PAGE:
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By law, pregnancy is a protected characteristic. This means if you’re pregnant, it becomes unlawful to treat you less favourably than colleagues because of that characteristic.
This protection extends beyond the actual pregnancy itself, where discrimination could take place because of the fact that a woman was pregnant, or due to associated activities or requirements. However, this would normally go on to fall under gender discrimination.
But these protections only extend to the fact of pregnancy. In plain terms, if you are pregnant and treated differently because of reasons unrelated to your pregnancy, this may not constitute discrimination.
If the employee were not pregnant, would she have failed her improvement plan and faced dismissal?
Sacking a pregnant woman, or indeed any employee, based off a theoretical outcome is dangerous. In this case, this is a hypothetical situation that could go either way.
If the employee’s performance was particularly bad prior to pregnancy, an employer could take the risk of sacking them and hope for the best. Obviously, this comes with risk.
A more nuanced approach would be to offer reasonable adjustments to allow more flexibility in policies and working practices for the pregnancy. If the employee is still not able to perform to the required standard, any subsequent dismissal would likely be much safer.
Would this be unfair dismissal as the dismissal was ultimately down to pregnancy, a protected characteristic?
It depends on how each side argues their case and how persuasive those arguments are. Remember that protected characteristics don’t mean employees are automatically immune from dismissal.
If the employee was showing improvement, but on discovering she is pregnant her performance drops, arguably this might be related to pregnancy. If the employer makes no reasonable adjustments and the employee is dismissed, it may constitute unfair dismissal.
Did the employee know herself that she was pregnant at the time?
An employer is under no obligation to make reasonable adjustments for a condition they are unaware of. The same is true if an employee refuses to disclose their circumstances.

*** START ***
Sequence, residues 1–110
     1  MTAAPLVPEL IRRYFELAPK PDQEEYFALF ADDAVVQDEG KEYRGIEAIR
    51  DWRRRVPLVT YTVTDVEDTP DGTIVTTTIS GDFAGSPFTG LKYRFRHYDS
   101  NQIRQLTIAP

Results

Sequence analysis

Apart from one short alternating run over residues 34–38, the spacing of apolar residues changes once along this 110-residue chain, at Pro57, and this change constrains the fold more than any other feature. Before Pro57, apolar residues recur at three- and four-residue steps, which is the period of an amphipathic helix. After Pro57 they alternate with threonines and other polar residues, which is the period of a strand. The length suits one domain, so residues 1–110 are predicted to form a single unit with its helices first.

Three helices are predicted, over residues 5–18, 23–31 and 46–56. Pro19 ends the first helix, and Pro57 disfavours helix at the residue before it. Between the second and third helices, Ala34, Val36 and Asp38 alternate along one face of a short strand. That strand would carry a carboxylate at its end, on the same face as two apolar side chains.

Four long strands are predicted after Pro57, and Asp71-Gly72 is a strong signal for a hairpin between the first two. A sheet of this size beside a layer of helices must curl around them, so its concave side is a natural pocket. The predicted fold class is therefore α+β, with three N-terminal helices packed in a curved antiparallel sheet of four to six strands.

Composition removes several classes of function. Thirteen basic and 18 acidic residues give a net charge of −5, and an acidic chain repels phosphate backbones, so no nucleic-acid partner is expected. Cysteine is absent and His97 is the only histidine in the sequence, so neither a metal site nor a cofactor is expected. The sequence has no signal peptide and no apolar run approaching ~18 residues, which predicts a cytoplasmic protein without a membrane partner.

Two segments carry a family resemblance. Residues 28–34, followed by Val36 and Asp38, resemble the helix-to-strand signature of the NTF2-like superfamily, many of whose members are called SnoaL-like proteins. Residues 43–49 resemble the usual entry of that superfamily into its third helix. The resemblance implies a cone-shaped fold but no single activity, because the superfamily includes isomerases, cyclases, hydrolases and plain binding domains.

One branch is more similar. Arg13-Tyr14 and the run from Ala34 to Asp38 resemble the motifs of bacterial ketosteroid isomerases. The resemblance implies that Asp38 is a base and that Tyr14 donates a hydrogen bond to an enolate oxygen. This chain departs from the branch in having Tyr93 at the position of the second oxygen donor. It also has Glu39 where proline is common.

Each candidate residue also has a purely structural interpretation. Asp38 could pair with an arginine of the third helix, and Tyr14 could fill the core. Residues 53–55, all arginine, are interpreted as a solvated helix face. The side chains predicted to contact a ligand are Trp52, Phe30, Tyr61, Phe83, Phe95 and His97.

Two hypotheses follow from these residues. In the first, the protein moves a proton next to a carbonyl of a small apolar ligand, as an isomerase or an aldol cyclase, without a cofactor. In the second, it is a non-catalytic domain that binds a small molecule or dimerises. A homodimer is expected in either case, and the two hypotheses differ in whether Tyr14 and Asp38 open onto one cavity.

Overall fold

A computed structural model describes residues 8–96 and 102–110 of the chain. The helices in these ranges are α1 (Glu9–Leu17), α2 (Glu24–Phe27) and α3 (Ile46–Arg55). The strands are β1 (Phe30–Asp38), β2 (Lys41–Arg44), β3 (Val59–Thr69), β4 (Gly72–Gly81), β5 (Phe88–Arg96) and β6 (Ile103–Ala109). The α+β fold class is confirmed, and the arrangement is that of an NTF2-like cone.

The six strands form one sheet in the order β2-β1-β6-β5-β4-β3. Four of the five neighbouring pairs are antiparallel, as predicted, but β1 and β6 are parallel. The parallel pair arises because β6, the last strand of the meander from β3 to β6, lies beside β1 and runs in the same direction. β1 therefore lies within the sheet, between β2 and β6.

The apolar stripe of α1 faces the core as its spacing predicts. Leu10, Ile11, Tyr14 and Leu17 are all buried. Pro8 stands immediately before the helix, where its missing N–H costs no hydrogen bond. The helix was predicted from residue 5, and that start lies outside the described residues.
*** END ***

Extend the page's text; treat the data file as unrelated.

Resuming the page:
In short, if the employee doesn’t tell their employer of the pregnancy, there is nothing the employer can do. Moreover, there is no legal expectation on the employer.
Issues arise if the employer suspects or believes the employee is pregnant. In such cases, they need to offer the employee the same protections as if she were pregnant.
What if the employee works in a hazardous environment that could cause harm to the baby?
Risk to an unborn child is a health and safety risk and employers need to treat it as such. If a pregnant woman can no longer perform all her employment duties due to risk to the baby, the company will either need to make adjustments or find her an alternative duty.
If the employer knew that the employee was pregnant, did they make adequate reasonable adjustments?
This depends entirely on the size of a business, the number of people it employs and the revenues it drives.
What constitutes ‘reasonable’ for a small business will differ vastly from that of a large business. For example, a small business operating out of offices spread across multiple floors that employs a wheelchair user may find it reasonable to install a ramp into the building and create a workspace on the ground floor. A large business might need to install a lift, or widen doorways at a greater cost than that of a small business. Sacking a pregnant woman who had no reasonable adjustments in place isn’t advisable, even if she was performing poorly.
It’s easy to see from these questions why a ‘hands off’ approach is much more palatable for employers. Even for solicitors, particularly those who don’t regularly practice employment law, these issues can make you pause for thought. The number of different types of scenario that could arise are endless. That’s why it’s so important to examine each case individually.
So when can you sack a pregnant woman?
In the example above, where a woman’s pregnancy has led to her termination from an underlying performance issue, it’s possible to argue that this wasn’t due to pregnancy discrimination.
At a basic level, you would look at evidence such as what the employee’s historic performance record was to see whether this was an ongoing issue.
The employer would need to have put in place reasonable adjustments to accommodate the pregnancy, for example allowing more instances of lateness or sickness. This would also include other physical adjustments such as allowing the employee to sit while working. How large these adjustments are would rely on the size of the business.
Even if these changes might constitute adequate adjustments, you still have to hope that the employment tribunal agrees with you as the employer. As with any matter that goes before a judge, having a strong case only improves your chances of success. It does not guarantee it though.
Let’s not forget too that the employment tribunal is generally ‘cost neutral’. This means that you cannot ‘win’ any compensation from the employee in the employment tribunal. There are exceptions to this, but realistically as an employer you shouldn’t expect anything back. It also means that win or lose, you will still need to pay your solicitor’s legal fees. In fact, the only cost you might save is the theoretical potential wage cost of that employee.
Joseph's top tip
As with any employment issue, keeping good written records of all communication is key.
Pregnancy discrimination-related or not, as an employer, if you fail to maintain written notes, email trails and copies of letters, you may find it impossible to rely on any substantial evidence later down the line, if needed.